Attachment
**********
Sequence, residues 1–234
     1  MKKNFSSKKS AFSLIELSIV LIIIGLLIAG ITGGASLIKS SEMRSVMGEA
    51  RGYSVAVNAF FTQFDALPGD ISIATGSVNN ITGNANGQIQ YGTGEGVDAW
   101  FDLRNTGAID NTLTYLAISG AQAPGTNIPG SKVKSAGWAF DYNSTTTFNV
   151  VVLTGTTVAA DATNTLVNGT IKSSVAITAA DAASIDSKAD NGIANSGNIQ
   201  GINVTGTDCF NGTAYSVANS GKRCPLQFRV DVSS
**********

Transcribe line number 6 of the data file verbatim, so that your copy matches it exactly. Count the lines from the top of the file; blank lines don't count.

   201  GINVTGTDCF NGTAYSVANS GKRCPLQFRV DVSS